Feasibility and acceptability of the Promoting Pupils’ Physical Literacy (3PL) intervention and its effectiveness research design: A study protocol

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Research has shown that physical activity (PA) is important for health throughout the lifespan. Therefore, it is important that children develop the individual prerequisites that enable participation in PA throughout life. The theoretical concept physical literacy (PL) and the research field of PL has described such personal competences and traits. However, to promote PL among children and lifelong PA, there is a demand for more high-quality interventions to be developed and tested. When targeting children, schools are an important setting. Despite the possibility of promoting PL during PE lessons, few well-tested interventions have been developed. In this study, we therefore aim to context adapt and feasibility test an already existing and promising PL intervention to a Danish school context. The ADAPT and MRC guidelines were followed to adapt the Promoting Pupils Physical Literacy (3PL) intervention. Through workshops with stakeholders, the intervention was adapted to fit Danish 4th and 5th graders. Four Danish schools were recruited in a wait list design. The feasibility and acceptability of both the intervention and the effect study design will be investigated. To investigate the intervention, weekly questionnaires, observations, and interviews will be conducted during the intervention period. The feasibility of the effect study design will be investigated by collecting baseline and endline data on pupils’ PL and daily PA as well as parents’ socioeconomic status. Expected outcomes include a TIDieR checklist, a revised, feasible, and acceptable intervention, and an effect study design protocol. This will contribute to important steps in the direction of making PL interventions more accessible for practice. Valid testing of intervention effectiveness enables stakeholders to make informed decisions grounded in evidence. This will strengthen the possibilities of a successful outcome and for a PL intervention that is more accessible for practice, which is important for scale up.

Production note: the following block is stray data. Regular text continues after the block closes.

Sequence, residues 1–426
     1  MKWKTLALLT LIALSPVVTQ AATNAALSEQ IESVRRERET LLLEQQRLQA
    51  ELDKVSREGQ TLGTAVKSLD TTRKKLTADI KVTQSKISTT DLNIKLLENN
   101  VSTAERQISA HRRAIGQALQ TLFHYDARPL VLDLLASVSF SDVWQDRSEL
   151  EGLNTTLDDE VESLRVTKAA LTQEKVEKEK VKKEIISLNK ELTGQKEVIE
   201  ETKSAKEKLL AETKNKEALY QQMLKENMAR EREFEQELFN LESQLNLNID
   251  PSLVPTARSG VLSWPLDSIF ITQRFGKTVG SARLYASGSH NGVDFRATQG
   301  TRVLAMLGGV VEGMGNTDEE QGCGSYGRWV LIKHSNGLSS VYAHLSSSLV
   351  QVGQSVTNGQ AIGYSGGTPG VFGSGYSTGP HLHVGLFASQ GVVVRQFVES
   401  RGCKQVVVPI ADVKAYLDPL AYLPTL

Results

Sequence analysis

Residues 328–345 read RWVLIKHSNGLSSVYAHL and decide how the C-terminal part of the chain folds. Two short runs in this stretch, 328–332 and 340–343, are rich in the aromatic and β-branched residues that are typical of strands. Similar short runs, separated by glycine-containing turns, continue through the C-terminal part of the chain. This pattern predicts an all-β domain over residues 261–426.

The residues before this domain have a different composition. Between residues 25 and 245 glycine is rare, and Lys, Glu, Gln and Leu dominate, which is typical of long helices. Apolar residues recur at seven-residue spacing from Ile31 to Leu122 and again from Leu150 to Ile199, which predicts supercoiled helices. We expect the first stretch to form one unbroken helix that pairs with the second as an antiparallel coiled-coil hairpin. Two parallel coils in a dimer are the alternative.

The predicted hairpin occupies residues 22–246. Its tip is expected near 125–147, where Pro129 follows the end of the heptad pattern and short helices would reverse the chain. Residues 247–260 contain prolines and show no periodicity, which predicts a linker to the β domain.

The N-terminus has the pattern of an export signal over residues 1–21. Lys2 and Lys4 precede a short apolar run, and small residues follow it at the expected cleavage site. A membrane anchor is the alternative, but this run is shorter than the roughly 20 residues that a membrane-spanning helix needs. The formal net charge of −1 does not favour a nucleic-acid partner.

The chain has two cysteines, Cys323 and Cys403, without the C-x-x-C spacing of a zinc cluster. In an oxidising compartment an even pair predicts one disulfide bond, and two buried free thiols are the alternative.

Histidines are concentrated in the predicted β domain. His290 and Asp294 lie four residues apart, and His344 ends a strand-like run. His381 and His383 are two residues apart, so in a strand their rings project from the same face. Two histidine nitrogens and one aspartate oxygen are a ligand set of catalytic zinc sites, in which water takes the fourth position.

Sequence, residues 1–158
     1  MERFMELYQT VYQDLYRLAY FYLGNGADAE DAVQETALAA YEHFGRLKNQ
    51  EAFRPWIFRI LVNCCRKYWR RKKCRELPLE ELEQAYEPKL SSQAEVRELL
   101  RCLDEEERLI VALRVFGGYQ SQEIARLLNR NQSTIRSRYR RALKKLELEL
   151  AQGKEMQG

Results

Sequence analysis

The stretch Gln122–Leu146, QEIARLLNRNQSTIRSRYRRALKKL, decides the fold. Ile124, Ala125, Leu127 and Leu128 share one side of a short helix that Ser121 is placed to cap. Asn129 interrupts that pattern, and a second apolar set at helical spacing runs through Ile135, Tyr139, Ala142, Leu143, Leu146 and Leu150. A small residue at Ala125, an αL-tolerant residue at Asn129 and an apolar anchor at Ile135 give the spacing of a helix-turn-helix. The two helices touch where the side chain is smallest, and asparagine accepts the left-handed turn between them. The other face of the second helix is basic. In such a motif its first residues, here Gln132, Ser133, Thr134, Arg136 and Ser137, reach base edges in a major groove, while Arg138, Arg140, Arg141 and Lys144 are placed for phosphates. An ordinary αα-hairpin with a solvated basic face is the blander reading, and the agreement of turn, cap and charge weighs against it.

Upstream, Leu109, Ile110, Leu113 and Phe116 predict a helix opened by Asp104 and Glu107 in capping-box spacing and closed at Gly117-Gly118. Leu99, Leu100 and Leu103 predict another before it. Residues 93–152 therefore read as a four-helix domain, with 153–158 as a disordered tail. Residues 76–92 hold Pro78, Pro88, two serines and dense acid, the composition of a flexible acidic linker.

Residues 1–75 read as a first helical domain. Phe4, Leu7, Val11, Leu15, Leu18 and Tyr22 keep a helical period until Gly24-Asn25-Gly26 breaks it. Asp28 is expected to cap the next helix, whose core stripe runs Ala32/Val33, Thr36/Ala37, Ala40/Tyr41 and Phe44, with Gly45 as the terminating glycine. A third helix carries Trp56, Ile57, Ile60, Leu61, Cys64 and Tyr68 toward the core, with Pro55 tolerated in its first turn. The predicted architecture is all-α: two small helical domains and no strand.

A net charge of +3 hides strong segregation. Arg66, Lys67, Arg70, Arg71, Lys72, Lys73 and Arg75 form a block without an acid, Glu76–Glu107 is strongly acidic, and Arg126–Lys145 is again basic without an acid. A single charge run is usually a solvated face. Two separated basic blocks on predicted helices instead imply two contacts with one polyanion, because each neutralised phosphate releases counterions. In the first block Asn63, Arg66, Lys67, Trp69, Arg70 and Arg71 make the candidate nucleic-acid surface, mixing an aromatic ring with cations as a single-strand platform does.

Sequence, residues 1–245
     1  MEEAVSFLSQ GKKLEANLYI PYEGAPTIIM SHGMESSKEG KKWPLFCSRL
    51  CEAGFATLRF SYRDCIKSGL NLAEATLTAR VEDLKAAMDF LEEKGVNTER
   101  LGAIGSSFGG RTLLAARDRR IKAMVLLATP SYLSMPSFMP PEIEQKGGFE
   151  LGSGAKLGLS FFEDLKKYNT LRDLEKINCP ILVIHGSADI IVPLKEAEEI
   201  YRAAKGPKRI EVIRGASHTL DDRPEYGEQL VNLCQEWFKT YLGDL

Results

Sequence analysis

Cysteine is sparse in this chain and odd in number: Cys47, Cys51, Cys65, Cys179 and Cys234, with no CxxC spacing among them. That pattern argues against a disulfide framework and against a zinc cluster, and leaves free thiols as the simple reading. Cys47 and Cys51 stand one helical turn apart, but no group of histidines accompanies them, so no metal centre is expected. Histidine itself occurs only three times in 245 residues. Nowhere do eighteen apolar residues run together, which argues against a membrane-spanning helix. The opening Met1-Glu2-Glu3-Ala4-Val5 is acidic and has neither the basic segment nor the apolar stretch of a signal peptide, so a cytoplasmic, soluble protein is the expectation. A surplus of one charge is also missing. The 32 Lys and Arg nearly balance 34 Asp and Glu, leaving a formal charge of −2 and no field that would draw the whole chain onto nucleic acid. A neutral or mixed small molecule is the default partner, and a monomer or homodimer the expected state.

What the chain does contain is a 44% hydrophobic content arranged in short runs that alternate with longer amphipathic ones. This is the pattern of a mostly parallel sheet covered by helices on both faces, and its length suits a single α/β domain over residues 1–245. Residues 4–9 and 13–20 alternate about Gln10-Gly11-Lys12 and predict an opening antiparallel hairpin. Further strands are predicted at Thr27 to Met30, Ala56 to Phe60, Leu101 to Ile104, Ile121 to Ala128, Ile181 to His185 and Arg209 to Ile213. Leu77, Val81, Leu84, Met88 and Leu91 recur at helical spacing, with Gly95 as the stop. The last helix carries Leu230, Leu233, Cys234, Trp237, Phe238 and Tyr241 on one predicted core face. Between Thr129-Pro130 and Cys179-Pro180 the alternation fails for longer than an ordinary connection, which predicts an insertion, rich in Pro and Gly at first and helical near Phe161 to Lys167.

Original languageEnglish
Article numbere0294916
JournalPLoS ONE
Issue number1
Number of pages16
Publication statusPublished - 2024

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© 2024 Amholt et al. This is an open access article distributed under the terms of the Creative Commons Attribution License, which permits unrestricted use, distribution, and reproduction in any medium, provided the original author and source are credited.

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